In the field of nanoscience, an international team of physicists with participants from Konstanz has achieved a breakthrough in understanding heat transport

In the field of nanoscience, an international team of physicists with participants from Konstanz has achieved a breakthrough in understanding heat transport

Im Focus: DNA repair: a new letter in the cell alphabet

Results reveal how discoveries may be hidden in scientific “blind spots”

Cells need to repair damaged DNA in our genes to prevent the development of cancer and other diseases. Our cells therefore activate and send “repair-proteins”...

Im Focus: Dresdner scientists print tomorrow’s world

The Fraunhofer IWS Dresden and Technische Universität Dresden inaugurated their jointly operated Center for Additive Manufacturing Dresden (AMCD) with a festive ceremony on February 7, 2017. Scientists from various disciplines perform research on materials, additive manufacturing processes and innovative technologies, which build up components in a layer by layer process. This technology opens up new horizons for component design and combinations of functions. For example during fabrication, electrical conductors and sensors are already able to be additively manufactured into components. They provide information about stress conditions of a product during operation.

The 3D-printing technology, or additive manufacturing as it is often called, has long made the step out of scientific research laboratories into industrial...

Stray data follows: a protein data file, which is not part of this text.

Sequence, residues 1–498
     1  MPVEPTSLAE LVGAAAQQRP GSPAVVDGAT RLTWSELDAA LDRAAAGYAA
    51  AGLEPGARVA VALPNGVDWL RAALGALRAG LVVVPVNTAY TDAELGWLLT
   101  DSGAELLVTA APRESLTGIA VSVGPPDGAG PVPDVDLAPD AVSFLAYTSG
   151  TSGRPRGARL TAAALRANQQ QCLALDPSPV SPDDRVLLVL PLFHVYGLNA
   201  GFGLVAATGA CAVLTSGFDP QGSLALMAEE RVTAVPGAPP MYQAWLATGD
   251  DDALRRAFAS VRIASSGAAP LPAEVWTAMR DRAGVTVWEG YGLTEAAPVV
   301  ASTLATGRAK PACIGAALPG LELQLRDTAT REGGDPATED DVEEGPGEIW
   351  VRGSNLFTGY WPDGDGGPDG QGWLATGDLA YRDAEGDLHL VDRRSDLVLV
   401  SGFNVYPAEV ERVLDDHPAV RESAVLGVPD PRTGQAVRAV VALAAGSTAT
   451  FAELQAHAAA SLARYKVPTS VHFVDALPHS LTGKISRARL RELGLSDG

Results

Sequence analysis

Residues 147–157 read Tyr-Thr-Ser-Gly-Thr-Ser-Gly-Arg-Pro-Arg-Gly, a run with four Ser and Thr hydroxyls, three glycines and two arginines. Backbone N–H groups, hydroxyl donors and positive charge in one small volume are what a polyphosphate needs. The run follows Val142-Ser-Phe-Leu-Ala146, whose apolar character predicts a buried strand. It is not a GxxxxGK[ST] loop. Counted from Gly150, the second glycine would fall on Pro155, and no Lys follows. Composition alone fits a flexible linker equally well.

Im Focus: Mimicking nature's cellular architectures via 3-D printing

Research offers new level of control over the structure of 3-D printed materials

Nature does amazing things with limited design materials. Grass, for example, can support its own weight, resist strong wind loads, and recover after being...

Im Focus: Three Magnetic States for Each Hole

Nanometer-scale magnetic perforated grids could create new possibilities for computing. Together with international colleagues, scientists from the Helmholtz Zentrum Dresden-Rossendorf (HZDR) have shown how a cobalt grid can be reliably programmed at room temperature. In addition they discovered that for every hole ("antidot") three magnetic states can be configured. The results have been published in the journal "Scientific Reports".

Physicist Dr. Rantej Bali from the HZDR, together with scientists from Singapore and Australia, designed a special grid structure in a thin layer of cobalt in...

All Focus news of the innovation-report >>>

Anzeige

Anzeige

Event News

Booth and panel discussion – The Lindau Nobel Laureate Meetings at the AAAS 2017 Annual Meeting

13.02.2017 | Event News

Complex Loading versus Hidden Reserves

10.02.2017 | Event News

International Conference on Crystal Growth in Freiburg

09.02.2017 | Event News

 
Latest News

Stingless bees have their nests protected by soldiers

24.02.2017 | Life Sciences

New risk factors for anxiety disorders

24.02.2017 | Life Sciences

MWC 2017: 5G Capital Berlin

24.02.2017 | Trade Fair News

VideoLinks
B2B-VideoLinks
More VideoLinks >>>